Like I said, she was getting really old and weak, but we didn’t think she would get so ill so fast. But while I was away for a writing lab in the south of Sweden and Tjockis was in the island with my parents, suddenly stopped eating and drinking and started walking away to be alone. My dad tried to force feed her and managed to get some morsels into her, but then she hid away and they couldn’t find her for two days. When I returned from the writing lab, they told me she was gone and most likely dead.
I insisted we go look for her, obviously. So my dad and I went out to the island again and when we got there, she was lying outside the cottage waiting for us, on top of a tarp. She was really weak. Even though she was essentially lying in a puddle of rain water, she was seemingly too weak to move away from it, so she was really wet and cold. I cuddled her to my chest and we went straight back home. For the first time in her life, she didn’t need to be in her travel box, not in the boat, not in the car, she just curled up in my arms and stayed still. We took her home and warmed her up, tried to force feed her food and water again, but it was nearly impossible. We put her down on a blanket and with her last strength she struggled to turn her body around, so that she had her back to us.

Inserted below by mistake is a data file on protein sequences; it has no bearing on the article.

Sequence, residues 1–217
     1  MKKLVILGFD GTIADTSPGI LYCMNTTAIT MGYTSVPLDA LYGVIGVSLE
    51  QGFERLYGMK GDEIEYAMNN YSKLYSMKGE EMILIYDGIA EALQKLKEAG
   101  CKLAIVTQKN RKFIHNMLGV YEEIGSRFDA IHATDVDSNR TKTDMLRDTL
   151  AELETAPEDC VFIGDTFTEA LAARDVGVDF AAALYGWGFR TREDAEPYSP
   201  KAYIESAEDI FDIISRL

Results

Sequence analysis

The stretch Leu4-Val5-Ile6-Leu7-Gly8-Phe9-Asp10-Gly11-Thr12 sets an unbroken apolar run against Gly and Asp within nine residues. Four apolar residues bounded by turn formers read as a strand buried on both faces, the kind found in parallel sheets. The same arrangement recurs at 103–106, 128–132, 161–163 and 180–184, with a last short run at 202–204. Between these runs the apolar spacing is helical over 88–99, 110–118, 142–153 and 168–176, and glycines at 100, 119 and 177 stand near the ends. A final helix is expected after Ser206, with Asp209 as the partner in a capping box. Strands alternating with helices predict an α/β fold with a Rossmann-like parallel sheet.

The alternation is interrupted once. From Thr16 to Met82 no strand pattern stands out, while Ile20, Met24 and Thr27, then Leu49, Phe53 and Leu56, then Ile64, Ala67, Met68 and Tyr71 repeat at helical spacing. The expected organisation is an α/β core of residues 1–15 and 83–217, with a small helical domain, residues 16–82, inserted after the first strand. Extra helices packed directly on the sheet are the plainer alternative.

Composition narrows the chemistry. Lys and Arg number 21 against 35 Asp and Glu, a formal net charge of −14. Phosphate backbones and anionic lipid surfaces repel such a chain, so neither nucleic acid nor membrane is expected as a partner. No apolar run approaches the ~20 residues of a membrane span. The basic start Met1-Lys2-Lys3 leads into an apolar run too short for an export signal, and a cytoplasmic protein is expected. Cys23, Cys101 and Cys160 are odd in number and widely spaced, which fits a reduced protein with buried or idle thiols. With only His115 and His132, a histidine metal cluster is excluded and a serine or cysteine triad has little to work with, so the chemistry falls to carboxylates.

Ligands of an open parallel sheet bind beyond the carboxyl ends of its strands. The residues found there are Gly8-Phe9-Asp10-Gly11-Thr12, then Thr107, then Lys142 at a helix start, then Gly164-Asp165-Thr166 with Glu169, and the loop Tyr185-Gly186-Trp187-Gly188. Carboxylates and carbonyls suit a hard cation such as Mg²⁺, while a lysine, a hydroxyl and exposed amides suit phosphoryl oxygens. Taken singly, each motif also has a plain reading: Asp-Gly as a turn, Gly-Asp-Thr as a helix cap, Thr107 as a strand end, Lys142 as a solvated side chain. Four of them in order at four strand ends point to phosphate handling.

Since it was Sunday the vet wasn’t open, but we found an emergency number to call and after an hour we’d managed to get a hold of a vet who could meet us in town and have a look at her. Mum couldn’t face going, so my dad and I went and, again, Tjockis was in my arms the whole time.
The vet said there was nothing she could do, but put her out of her misery and let her go to sleep.
I think it’s the hardest thing I’ve ever had to do, holding my cat as she went to sleep. It took ten minutes and it wasn’t quiet and peaceful at all, because she was struggling to breathe the whole time, her tiny body twitching against my chest and her wheezing breaths coming out of her in desperate bursts. She never closed her eyes, either. So it felt like she literally died in my arms. But she didn’t, she died wrapped up in a blanket on top of a vet’s table and she looked so tiny. The vet gave us an intravenous products’ box to put her in.
As soon as we got home, my dad, who hadn’t cried the whole time we were at the vet, disappeared into the garage. When I went to check on him half an hour later, he was sawing planks of wood, muttering about making her a casket because ”She shouldn’t have to be in a cardboard box…”
I’m glad I took her home from the shelter sixteen years ago and that she got to have a good life. I’m happy for all the times she’s told me to go to bed and stayed with me until I fell asleep. I’m grateful for all the joy and love she’s given me and my family. I’m glad Tom got to meet her, even if he never got to hear her make her pigeon noise and now never will (it’s okay, I’m pretty good at recreating it) and, as painful as it was, I’m also thankful that I got to hold her one last time and say goodbye. I don’t do well with goodbyes or endings, but I think I’m beginning to understand why we need them.
Tjockis (ca. 2002 – 2018) <3